Words: Andrea Zanin
Illustration: Fleur Beech

Much like Elizabethan England, the 21st century has its own favourite couples. Shakespeare’s lot had Romeo & Juliet, Othello & Desdemona, Antony & Cleopatra, Titania & Oberon… For us there’s Brangelina, Bennifer, Kimye, Posh & Becks – sadly, none of them have real names (but what’s in a name anyway?). And the associated drama today is as severe as that which took centre stage at the Globe Theatre in 1599-ish. Shakespearean love was no picnic, after all: characters died for love, lied for love, murdered for love, but they also reveled in love’s joy and beauty.

Even fairytale favourites (Snow White, Sleeping Beauty, Rapunzel….you know) have endured the cynicism of modern society. With popular culture the master of the masses, Disney now has the monopoly on fairytale love: love at first sight, love’s ‘true kiss’, love’s pure bliss – a whimsical idealism that, one can only imagine, is cultivating a generation of relationship-fools in search of an ill-defined utopia. Yet there is something in the wind, and it smells like change. Possibly something to do with a little film called Frozen, only the highest-grossing animated film ever as well as one of the top highest grossing films of all time. It’s powerful stuff.

A (very) loose adaptation of Hans Christian Anderson’s The Snow Queen (1844), Frozen has turned Disney’s typical relationship stereotype (prince and princess fall in love, enemy intervenes, prince rescues princess, happily ever after blah blah blah) on its head. Elsa, older sister to Anna, future Queen of Arendelle and possessor of some bad-ass icy powers, nearly flat-lines her sis’ in childhood and is responsible for trapping her kingdom in an eternal winter. Yikes! Tired of confinement, even if it is for the sake and safety of others, Elsa lets go – so the song says, in a joyful chorus involving at least 1.7 million children.

Love saves the day, only not in the conventional sense – sibling love and self-love are what Frozen is all about

Along with Elsa’s new-found freedom comes a heap of consequences – a snow-monster-thing and again a near-dead sister. But love saves the day, only not in the conventional sense – sibling love and self-love are what Frozen is all about. True love’s kiss is the embrace of a sister and a world turning from white to green is the by-product of confidence and sagacity. Elsa’s journey is one of self-discovery. Think: independent woman who, although lonely, is OK with being alone and is sensible about love. Right? It seems almost anomalous. And it is, in a fairytale context. But life, hate to break it to y’all, is no fairytale. As Frozen reminds us. Sure, the princesses are pretty and the castles are colossal (as usual) but the story is different, the characters are dynamic and the point is charismatic – so much so that half the world is locked in and engaged.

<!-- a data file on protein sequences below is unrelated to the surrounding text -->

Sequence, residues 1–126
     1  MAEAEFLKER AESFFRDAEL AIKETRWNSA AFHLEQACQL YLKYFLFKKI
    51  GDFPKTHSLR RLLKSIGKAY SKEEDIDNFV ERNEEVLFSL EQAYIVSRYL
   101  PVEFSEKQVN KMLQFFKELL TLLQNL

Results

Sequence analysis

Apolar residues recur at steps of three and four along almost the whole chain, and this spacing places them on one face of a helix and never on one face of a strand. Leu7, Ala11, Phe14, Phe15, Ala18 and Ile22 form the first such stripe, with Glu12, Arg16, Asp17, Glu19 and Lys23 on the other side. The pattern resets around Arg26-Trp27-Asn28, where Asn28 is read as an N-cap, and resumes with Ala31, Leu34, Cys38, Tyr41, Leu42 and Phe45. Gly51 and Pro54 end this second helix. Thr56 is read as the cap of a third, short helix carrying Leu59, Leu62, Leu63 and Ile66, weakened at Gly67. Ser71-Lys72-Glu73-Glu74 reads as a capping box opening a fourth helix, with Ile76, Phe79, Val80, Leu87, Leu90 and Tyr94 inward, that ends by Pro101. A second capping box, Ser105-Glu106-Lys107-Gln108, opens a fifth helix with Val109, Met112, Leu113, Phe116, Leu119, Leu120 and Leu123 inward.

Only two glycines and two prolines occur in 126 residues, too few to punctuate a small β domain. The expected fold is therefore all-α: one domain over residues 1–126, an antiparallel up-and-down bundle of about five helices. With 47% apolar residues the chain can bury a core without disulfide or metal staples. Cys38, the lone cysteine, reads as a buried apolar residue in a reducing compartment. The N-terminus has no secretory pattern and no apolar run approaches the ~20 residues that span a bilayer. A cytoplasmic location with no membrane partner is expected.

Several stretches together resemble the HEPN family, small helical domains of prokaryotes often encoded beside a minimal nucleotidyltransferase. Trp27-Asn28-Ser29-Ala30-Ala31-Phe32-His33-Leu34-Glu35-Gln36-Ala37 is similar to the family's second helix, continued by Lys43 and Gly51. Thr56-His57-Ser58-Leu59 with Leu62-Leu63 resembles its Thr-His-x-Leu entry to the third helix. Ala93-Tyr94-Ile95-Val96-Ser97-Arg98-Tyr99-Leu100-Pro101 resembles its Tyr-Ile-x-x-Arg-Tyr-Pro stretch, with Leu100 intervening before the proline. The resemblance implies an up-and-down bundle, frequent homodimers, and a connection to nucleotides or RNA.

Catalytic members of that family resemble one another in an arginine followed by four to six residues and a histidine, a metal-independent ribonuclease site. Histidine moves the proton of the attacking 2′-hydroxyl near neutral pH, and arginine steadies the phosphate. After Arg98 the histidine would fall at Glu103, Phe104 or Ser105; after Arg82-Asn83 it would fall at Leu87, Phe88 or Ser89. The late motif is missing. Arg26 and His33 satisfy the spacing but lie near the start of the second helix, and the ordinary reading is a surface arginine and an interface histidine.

So, what does Frozen have to do with Shakespeare? Only this: “A dear happiness to women: they would else have been troubled with a pernicious suitor. I thank God and my cold blood, I am of your humour for that: I had rather hear my dog bark at a crow than a man swear he loves me.”

Much Ado About Nothing and Frozen: two stories, centuries apart but both acute social commentaries each with a feminine voice tenacious in proportionate measure. Beatrice, the woman who would rather listen to crows than men in love, is one of Shakespeare’s strongest female characters. Known for her intelligence, her voracity, her independence, Beatrice refuses to marry because she has not discovered the perfect, equal partner and because she is unwilling to abjure her liberty and submit to the will of a controlling husband. Shakespeare used characters like Beatrice to question love, to reveal flaws in its chivalry, to expose it as something marred by immorality.

To love is to suffer, in its broadest conception. Shakespeare knew it. Even Disney has cottoned on. And Elsa and Beatrice learn it.

Elsa, like Beatrice, challenges love’s preconceived idealism. Not only is Elsa a single woman, but she is a Queen without a King and she understands the naivety of fairytale love. When Anna, after knowing Prince Hans as long as it takes to sing a Disney duet, accepts his marriage proposal in all of about five seconds, Elsa tells her sister, “You can’t marry a man you just met” and is met with the response “You can when it’s true love.” Elsa challenges her, “And what do you know about true love?” Boom. Shake shake SHAKE the room. And Disney defies its own doctrine.

Both Beatrice and Elsa are women in the throes of figuring out life (good luck!) and all of its complexities, love especially – and even moreespecially; how to love without pain. Beatrice protects her heart with wit and humour, “Men were deceivers ever. One foot in sea and one on shore, to one thing constant never. Then sigh not so but let them go and be you blithe and bonny, converting all your sounds of woe into hey nonny nonny” and Elsa uses ice, the shards a fortress-forming manifestation of her emotional turmoil. The thing is…to love is to suffer, in its broadest conception. Shakespeare knew it. Even Disney has cottoned on. And Elsa and Beatrice learn it.

The feisty Beatrice is ultimately conquered by her love for Benedick, who says “Peace, I will stop your mouth” putting his feisty lover in her place. Beatrice pays a price for love; the sacrifice of submission in exchange for happiness. But Elsa, the epitome of the modern woman, owes a great deal to the feminist revolution – she is rescued not by a man’s embrace but by her blood, her sister, as well as her growing aptitude for self-love and self-assertion.  What Shakespeare contemplated with Beatrice, Elsa has achieved with Disney, which is not only a magnificent irony but a sign of the times. Art is, after all, a reflection of the society that conceives it into being.

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